There was a requirement but no one would tell you what it was. At first you were confident you would figure it out. Now you spend every waking moment searching—desperate!—and every night pleading with whatever forces might be gathered in the shadowed corners of your room.
What is the requirement?
What is the requirement?
What is the requirement?
You ask and ask, but no one will say.
How could something so critical—it would not be an exaggeration to say it was foundational to all that followed—be allowed to remain unarticulated—kept hidden!—? It was a conundrum. These were good people, not the sort given to cruelty or deceit. It stood to reason that figuring out the requirement must be part of the requirement itself. What a task! Every day a vast, inscrutable puzzle, every person, room, and situation a possible clue. The whole world like one of those escape rooms where everything that could be seen—and some things that could not—might be The Key to solving the room’s mystery and stepping through its now-unlocked door to claim the prize. (And what is the prize you’ve come and paid and labored for the privilege of claiming? The same freedom you had before entering, sweeter now that it’s been earned.)
Before you were aware of the requirement, things were simpler. A conversation was a conversation. A meal was a meal. Now every choice seemed fraught with peril: is choosing the correct wine the requirement? Is capitulating to the assertion that, if we divorce the work from the author, even Mein Kampf has some merit the requirement? Is reading Gramsci in the original the requirement? But in rooms with those who had successfully traversed to the other side—the gatekeepers now assaying the gatekept—there were people who drank tannic reds with fish; there were poorly read monolinguists; there were theoretical hardliners and pop-cultural heretics aplenty. The only discernible uniformities were of the non-meritorious variety—and such traits, it went without saying, could not be the requirement, as they were not the acceptable criteria by which to mete out success. Not in these circles! These good people were aware of things like that.
Some of your peers have already met the requirement. They say they’re not so sure (imposter syndrome is the harrow of your cohort), but the aura of ascendancy is unmistakeable. A generosity in the eyes of the appraisers, a softness at the shoulder.
How—you ask over coffee, over whiskey, over a hand job, always on you—did you do figure it out? How can I meet the requirement, too? I feel like I’m too slow-missing something-looking in the wrong place-the clock is running out.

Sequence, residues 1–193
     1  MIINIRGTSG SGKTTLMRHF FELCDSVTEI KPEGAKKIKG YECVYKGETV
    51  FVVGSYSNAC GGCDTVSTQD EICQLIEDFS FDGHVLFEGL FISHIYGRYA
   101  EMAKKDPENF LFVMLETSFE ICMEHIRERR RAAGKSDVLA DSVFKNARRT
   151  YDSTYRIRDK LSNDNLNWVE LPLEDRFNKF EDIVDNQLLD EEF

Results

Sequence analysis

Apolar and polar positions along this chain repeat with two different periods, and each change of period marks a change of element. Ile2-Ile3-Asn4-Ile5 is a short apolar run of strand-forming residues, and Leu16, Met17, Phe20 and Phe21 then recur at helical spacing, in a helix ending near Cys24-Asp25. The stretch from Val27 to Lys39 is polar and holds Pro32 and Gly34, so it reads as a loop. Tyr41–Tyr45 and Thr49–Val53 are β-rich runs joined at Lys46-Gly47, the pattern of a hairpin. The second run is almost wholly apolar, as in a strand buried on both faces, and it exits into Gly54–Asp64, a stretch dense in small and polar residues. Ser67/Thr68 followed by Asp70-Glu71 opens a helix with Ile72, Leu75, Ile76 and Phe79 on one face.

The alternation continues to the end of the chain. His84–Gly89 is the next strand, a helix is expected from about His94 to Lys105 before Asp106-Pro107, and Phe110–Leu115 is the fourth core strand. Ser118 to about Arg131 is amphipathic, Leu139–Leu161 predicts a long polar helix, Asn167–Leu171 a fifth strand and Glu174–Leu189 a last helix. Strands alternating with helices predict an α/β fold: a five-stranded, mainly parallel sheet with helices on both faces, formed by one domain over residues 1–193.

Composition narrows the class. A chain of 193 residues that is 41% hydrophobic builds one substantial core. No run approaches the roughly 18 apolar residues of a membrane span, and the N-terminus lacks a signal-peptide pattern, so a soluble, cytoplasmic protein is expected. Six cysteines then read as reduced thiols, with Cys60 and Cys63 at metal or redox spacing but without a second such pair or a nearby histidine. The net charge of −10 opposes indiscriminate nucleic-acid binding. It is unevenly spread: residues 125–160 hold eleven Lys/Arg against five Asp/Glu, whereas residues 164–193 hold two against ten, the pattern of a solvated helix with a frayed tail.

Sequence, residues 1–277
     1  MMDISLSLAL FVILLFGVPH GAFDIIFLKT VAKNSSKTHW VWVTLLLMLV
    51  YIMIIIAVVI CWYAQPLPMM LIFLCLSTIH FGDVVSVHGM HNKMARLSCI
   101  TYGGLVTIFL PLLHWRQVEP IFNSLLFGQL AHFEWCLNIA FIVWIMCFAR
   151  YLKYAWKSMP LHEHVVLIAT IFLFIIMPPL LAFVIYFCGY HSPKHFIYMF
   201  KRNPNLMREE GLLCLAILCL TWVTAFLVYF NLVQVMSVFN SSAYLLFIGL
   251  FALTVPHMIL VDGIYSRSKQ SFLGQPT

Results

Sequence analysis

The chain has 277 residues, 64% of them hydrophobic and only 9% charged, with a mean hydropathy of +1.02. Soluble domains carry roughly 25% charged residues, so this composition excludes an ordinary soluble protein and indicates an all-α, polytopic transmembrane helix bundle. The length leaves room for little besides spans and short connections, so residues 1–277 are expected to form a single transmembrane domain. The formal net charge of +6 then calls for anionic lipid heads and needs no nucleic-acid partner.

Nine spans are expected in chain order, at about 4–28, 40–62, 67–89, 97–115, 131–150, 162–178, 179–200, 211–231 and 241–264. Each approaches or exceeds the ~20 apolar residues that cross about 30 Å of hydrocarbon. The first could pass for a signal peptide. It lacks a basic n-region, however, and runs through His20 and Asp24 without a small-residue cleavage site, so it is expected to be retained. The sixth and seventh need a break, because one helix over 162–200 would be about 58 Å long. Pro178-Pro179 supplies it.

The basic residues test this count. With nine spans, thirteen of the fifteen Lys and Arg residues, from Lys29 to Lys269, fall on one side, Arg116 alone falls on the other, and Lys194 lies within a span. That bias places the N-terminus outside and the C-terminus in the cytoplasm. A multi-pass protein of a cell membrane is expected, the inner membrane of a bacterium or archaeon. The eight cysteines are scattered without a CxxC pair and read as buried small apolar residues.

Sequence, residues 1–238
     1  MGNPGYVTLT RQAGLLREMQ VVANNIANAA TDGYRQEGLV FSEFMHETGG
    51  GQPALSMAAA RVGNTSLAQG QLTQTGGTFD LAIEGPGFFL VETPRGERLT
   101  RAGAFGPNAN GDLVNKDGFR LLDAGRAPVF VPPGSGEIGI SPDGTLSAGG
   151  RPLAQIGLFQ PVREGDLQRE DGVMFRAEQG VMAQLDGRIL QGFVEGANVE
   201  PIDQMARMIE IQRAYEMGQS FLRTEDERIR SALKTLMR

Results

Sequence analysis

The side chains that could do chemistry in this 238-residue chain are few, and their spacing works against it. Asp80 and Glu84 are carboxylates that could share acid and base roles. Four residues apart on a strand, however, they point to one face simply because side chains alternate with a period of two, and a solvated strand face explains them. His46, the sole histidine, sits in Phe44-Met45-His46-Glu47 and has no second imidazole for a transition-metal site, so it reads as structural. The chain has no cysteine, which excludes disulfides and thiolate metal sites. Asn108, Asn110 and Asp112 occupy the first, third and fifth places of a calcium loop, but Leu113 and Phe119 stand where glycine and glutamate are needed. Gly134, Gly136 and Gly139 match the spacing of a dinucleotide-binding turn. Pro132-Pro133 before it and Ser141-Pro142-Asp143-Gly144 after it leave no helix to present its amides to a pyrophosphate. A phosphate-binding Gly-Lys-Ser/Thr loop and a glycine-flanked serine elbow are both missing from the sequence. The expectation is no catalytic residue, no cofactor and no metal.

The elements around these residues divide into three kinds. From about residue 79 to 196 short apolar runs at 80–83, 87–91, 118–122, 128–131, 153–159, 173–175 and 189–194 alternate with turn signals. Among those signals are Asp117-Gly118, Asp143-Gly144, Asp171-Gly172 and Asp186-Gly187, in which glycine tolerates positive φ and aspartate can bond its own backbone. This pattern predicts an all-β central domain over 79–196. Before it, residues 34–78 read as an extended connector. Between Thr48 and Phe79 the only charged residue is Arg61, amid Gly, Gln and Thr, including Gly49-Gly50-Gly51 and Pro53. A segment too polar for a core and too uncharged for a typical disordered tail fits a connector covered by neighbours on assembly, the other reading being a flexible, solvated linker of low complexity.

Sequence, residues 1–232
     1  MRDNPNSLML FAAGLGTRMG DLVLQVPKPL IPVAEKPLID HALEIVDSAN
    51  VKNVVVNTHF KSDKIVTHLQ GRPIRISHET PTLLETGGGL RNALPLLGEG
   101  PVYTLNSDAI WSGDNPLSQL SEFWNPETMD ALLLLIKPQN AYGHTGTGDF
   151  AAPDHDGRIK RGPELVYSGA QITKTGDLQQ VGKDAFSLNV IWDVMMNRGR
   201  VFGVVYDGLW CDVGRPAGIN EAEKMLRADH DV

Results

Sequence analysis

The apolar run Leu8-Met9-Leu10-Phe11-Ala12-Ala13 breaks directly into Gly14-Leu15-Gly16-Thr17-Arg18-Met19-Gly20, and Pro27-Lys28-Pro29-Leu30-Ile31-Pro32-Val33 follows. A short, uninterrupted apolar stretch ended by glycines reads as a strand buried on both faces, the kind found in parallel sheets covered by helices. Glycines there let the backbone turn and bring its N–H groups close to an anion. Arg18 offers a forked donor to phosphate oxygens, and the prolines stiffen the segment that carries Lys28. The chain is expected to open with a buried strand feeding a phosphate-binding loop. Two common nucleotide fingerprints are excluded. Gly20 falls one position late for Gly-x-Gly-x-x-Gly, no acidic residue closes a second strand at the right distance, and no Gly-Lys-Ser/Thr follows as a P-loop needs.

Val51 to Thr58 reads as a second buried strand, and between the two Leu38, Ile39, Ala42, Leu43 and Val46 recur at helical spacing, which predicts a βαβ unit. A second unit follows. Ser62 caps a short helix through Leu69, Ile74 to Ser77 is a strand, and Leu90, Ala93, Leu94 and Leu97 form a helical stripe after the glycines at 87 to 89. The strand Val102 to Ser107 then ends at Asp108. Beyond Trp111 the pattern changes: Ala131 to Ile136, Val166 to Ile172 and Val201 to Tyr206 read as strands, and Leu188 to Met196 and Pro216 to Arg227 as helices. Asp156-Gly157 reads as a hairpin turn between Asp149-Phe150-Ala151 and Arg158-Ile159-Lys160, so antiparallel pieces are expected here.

Nonsense, they say, the burnished ones. There is no “requirement,” just the work. I don’t know anything more than you do, no one does, you’re smart, you’ll get there, keep going, you’ll figure it out.
You tell your mother you’re afraid you will not solve the riddle in time. She is indifferent to your concern. In her mind, you, too, are one of the burnished. When she speaks, it is not a comfort. You can hear how swollen her ankles are in the timbre of her voice.
Process of elimination (speed round):
adopt, absorb, reflect any habit, trapping, or trait that is not unequivocally not the requirement:
Krautrock, bangs, poststructuralism, Negronis, european sevens, the letter “zed.”
More of your peers burnish, others fall away. You have no markers or referents but can sense that time is growing short.
What is the requirement? you whisper into your cupped palms.The answer they return is your breath.
You visited an escape room once, a family activity while everyone was together for the holidays. It was at a science center and had a space theme. Your little sister couldn’t find anyone to watch the baby—all her babysitters were there with her at the escape room—but she knew the man checking groups in at the reservations desk.
Ronnie, she said. Hey, Ronnie, can I bring the baby in? It technically makes us one too many, but she’s little, she can’t play. My family doesn’t mind.
Ronnie gave her a thumbs up and said I got you.
When it was time to go inside a blonde lady with a clipboard wearing a sparkling silver space dress arrived to give a brief introduction to the exercise. Before she began, she opened her mouth toward your sister but Ronnie caught her eye and moved his hand like a baseball catcher and in waggling code somehow informed her that neither intervention nor comment was necessary.
The room was really a series of rooms and together your family had the perfect combination of acuity, know-how, and talent to elicit its secrets. You had an hour to solve but finished in 29 minutes and 18 seconds. When the escape door unlocked, Ronnie was on the other side.
Congratulations! he said. This is our hardest room! You broke the record for fastest escape!
He reached into his back pocket as your family’s eyebrows lifted and your smiles collectively widened—was there a prize, a real one, for speed?—but the sparkling blonde lady appeared from behind another door, rushed toward him, and stayed his wrist.
We can’t, she said, and Ronnie let his hand drop. She jut her chin toward the baby.
Technically they were one too many, she said. Technically it wouldn’t be fair.
Maria Robinson studied creative writing at The Johns Hopkins University and has done graduate work at the Iowa Writers Workshop. Her stories have been published in PANK, Bellevue Literary Review, and cream city review, among others.